Wall Mounted Cooker HoodsJanuary 2018(Last Updated 16 January 2018)
|The best cooker hoods designed to be mounted to a wall for efficient smoke removal|
|Compare top brands including Elica, Siemens and Bosch|
|Every week we rank the best cooker hoods based on features, reviews and price|
|We compare:||3,840 Cooker Hood Models||789 Cooker Hood Reviews||5,580 Cooker Hood Prices|
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Wall-mounted Cooker Hood Buying Guide
Cooker hoods come in all shapes and sizes - the hood that is best for you will be dictated mostly by the shape of your kitchen, and the position of your cooker within it. The 3 main fitting types of are island (free hanging), wall-mounted and built-in. Here we will talk about wall-mounted hoods:
These hoods are by far the most common type of cooker hood on the market. They are attached to the wall of your kitchen directly above the hob, pulling smoke and dirty air away from the cooker. They aren’t as dramatic as island hoods, but aren’t hidden like inbuilt extractors. They can be simple as a ‘visor’ hood over the hob, or as eye-catching as giant ‘chimney hoods’ looming over the whole cooker. Wall-mounted hoods are the most common type of cooker hood, and suit all kitchens, from the very small to the larger ones.
Cooker hoods work by sucking up the air given off from cooking, and either moving it to the outside through a duct or cleaning and recirculation it inside the room. Most cooker hoods can be operated both ducted and in recirculation mode.
The extraction power rating is measured in m³/h - the higher a hood’s extraction rating, the quicker it extracts air from the room.
Ducted hoods feature a duct which channels hot air and smoke to the outside. Because they require access to the outside air (normally through a hole drilled through an outside wall), these type of hoods usually require specialist installation, or a hole from a previous installation. Extracting the air is more effective than recirculation the air.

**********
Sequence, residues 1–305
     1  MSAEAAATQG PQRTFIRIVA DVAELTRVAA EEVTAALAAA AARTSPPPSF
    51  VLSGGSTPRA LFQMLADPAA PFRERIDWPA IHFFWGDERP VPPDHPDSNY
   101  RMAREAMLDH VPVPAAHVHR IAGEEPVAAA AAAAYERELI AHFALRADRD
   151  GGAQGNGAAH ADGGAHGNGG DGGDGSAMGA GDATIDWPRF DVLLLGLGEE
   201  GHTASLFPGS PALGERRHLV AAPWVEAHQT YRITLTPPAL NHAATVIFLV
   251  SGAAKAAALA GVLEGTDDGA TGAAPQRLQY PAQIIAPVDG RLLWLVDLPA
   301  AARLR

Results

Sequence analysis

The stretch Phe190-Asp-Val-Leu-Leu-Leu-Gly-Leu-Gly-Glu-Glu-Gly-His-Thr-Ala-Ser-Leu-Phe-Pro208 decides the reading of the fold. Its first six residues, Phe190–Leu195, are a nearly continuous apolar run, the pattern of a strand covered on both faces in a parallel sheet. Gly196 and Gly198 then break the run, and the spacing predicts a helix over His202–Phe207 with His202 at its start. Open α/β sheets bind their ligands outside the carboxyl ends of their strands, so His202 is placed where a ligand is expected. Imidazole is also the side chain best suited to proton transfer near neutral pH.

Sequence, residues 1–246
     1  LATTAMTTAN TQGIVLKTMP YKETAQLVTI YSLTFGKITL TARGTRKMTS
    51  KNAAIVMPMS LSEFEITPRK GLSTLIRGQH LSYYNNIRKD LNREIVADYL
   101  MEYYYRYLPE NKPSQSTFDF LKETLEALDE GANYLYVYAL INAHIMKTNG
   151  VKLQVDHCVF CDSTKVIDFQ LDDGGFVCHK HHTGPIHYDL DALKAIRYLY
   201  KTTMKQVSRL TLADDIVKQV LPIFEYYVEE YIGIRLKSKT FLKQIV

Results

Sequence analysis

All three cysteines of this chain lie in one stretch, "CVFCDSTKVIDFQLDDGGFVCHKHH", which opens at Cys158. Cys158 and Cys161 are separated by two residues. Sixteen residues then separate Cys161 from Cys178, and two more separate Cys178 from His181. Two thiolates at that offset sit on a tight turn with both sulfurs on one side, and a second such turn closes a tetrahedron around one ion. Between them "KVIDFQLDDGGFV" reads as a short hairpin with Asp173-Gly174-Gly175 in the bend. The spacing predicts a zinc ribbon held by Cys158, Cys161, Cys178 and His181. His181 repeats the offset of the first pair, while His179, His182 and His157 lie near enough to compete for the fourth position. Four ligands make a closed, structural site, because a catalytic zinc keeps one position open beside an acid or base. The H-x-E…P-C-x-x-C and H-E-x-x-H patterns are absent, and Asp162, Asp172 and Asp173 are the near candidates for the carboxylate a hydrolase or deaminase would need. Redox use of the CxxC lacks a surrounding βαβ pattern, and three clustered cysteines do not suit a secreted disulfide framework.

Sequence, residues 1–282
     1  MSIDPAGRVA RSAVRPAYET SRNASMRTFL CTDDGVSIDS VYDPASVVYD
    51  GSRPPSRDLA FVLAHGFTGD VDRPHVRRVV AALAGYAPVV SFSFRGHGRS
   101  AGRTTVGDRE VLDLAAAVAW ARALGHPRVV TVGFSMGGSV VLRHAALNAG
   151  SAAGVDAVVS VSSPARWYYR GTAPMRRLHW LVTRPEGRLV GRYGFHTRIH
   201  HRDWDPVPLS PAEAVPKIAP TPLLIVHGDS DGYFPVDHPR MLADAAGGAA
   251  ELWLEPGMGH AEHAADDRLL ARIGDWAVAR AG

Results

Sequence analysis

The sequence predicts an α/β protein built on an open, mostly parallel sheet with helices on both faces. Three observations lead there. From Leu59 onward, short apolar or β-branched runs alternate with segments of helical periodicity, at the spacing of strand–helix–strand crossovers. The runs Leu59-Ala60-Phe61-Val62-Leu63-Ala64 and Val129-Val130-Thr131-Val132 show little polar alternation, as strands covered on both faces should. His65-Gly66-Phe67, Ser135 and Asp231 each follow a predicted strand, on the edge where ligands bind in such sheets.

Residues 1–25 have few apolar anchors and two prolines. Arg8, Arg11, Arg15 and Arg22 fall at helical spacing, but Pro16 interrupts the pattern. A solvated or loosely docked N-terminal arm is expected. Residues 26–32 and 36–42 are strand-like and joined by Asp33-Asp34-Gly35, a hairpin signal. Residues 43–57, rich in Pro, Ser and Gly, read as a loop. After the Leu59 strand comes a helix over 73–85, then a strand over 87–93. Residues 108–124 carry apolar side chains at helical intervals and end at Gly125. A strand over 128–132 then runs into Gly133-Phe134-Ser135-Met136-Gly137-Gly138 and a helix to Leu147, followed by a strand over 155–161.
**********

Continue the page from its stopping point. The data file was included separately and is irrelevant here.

Recirculating hoods take the dirty air and smoke given off from cooking, pass it through a filter to clean it, then blow it back into the kitchen. They do not require outside access, so are easier and less invasive to install, but are not as efficient at removing smoke and cooking odours as ducted hoods.
Filters serve to trap grease and smoke given off by cooking, leading to a better-smelling and cleaner kitchen. There are 2 different types of filters for cooker hoods - grease filters are important for all different types of hoods, since they help reduce the grease in the air and the smell of cooking. Carbon filters, on the other hand, are only necessary with recirculating air systems, since they strip the smoke from the air before it is recirculated back into your kitchen. These filters last about a year before they need to be replaced.
The hoods in our system are given a grease filtering efficiency grade. The better the grade, they more efficient they are at removing grease and odours from the air.
Cooker Hood Colours
Cooker hoods come in many different colours to best complement your cooker and kitchen. Most hoods can be found in plain silver, white or black but you can also find more adventurous colours - from bright red to fluorescent green - if you really want to make a statement!
A cooked hood is basically a large fan, so they make can make quite a lot of noise when turned on. The noise will depend on the power level of the extractor used - generally speaking the more powerful the fan, the louder it will be. Other factors such as the material used for the hood may also affect the noise level of your cooker hood.
Many hoods feature a low and high speed, with differing noise levels for each.